Government pledges support for games developers

child coder boy with computer gaming children laptop
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Economic Development Minister Phil Twyford has promised support for New Zealand’s computer game sector. The minister said the government will explore, in partnership with industry, the best way to support New Zealand’s interactive media sector through the future development of a creative industries Industry Transformation Plan.

“Growing these kinds of industries is a key objective of the Government’s Industry Strategy,” he said.

“We are also helping the industry directly address its skill shortages through our reform of vocational education. The game development industry will for the first time be able to influence training and the type of courses offered by vocational education providers through the formation of new Work Development Councils."

Twyford’s comments follow release by the NZ Game Developers Association of its annual industry survey which, it said showed New Zealand interactive game developers had earned $203.4m during the 2019 financial year - double the $99.9m earned only in 2017, with 96 percent of this from exports.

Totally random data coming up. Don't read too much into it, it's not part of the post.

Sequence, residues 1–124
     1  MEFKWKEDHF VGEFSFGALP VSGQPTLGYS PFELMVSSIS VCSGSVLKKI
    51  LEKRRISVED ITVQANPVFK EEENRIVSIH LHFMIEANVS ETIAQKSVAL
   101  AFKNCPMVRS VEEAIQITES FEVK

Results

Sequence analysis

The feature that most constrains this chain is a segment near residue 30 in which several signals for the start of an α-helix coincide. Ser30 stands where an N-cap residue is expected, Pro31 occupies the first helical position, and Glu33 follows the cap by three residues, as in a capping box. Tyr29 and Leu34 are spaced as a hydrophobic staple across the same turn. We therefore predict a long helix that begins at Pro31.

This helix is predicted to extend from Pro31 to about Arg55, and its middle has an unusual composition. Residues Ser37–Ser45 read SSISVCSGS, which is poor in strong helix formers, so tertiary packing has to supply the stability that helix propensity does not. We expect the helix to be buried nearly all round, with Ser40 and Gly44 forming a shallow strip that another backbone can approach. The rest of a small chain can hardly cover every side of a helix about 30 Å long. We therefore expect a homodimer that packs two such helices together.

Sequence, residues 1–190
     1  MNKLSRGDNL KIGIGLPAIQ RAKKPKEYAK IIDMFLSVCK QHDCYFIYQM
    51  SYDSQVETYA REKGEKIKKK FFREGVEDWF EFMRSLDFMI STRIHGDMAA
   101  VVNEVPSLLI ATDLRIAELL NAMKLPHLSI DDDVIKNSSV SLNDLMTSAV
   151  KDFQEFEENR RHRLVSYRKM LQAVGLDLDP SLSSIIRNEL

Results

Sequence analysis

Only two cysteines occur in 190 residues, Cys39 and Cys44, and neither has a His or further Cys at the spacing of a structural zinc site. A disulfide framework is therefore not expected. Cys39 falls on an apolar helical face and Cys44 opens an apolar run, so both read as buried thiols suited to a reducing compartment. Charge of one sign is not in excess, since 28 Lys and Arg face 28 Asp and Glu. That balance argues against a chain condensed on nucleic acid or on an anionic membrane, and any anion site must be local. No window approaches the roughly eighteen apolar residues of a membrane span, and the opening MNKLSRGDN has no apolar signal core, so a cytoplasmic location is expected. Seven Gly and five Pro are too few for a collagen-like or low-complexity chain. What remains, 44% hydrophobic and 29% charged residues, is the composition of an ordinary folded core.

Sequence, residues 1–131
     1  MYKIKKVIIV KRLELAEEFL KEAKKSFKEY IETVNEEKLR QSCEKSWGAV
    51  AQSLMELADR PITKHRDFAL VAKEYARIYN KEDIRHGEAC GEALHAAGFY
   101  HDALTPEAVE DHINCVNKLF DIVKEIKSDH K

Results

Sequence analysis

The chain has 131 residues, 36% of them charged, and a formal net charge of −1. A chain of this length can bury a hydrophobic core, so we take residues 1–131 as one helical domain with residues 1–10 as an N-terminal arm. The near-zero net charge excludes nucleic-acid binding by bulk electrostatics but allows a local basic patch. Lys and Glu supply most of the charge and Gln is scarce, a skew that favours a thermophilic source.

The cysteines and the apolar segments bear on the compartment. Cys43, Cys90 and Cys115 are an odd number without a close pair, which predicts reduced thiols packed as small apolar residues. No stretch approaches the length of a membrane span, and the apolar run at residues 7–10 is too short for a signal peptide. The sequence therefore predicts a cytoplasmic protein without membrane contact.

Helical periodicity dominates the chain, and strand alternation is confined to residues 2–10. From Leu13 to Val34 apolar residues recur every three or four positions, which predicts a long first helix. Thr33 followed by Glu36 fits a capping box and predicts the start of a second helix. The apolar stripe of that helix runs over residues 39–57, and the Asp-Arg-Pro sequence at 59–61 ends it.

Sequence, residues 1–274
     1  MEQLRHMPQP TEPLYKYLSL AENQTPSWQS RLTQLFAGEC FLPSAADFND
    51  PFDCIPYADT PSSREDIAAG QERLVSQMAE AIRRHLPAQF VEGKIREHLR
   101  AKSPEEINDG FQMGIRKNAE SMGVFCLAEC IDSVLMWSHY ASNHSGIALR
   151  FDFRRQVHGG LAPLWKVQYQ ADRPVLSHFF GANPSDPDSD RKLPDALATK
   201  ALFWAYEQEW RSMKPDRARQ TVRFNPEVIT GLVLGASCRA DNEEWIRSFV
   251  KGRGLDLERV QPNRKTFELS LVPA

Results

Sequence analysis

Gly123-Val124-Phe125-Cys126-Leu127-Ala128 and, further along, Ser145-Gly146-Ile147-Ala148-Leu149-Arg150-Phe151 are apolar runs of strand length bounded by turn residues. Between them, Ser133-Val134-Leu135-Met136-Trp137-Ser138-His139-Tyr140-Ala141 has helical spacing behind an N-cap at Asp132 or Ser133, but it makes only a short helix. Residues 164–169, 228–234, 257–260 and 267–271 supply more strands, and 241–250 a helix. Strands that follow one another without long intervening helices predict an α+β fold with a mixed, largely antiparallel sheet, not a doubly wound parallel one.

In August last year the association released a report, Interactive Aotearoa: Driving Growth And Wellbeing Through Interactive Media, into the social, educational and economic benefits of interactive media, calling for an industry development plan saying it could create a billion dollar export industry by 2024.

In July last year the government released Growing innovative industries in New Zealand: From the knowledge wave to the digital age, a report outlining “the new strategic direction for industry policy and chart[ing] the challenges and opportunities the New Zealand economy is responding to.”

The government said growing innovative industries was a key focus of its broader economic strategy.

This was followed, in November by Digital technology Industry Transformation Plan: scoping document, setting out “the scope of the Industry Transformation Plan for the digital technologies sector.

Neither document makes any mention of plans for the gaming industry.

NZGDA’s 2019 survey reported:

  • The ten largest studios earned 93 percent of the total revenue, employed 77 percent of the workforce and were, on average, 10 years old.
  • The companies surveyed employed 683 creative and hi-tech workers, an increase of 133 new jobs this year.
  • Forty seven percent of studios surveyed said skills shortages were limiting growth, up from 24 percent in 2018.
  • Seventy nine percent of the skills shortages were for experienced senior staff in art and technology, and 14 percent of the industry are on work visas.
  • Attracting early stage development funding and attracting investment for expansion continue to be the biggest growth challenges to the industry.

Copyright © 2020 IDG Communications, Inc.

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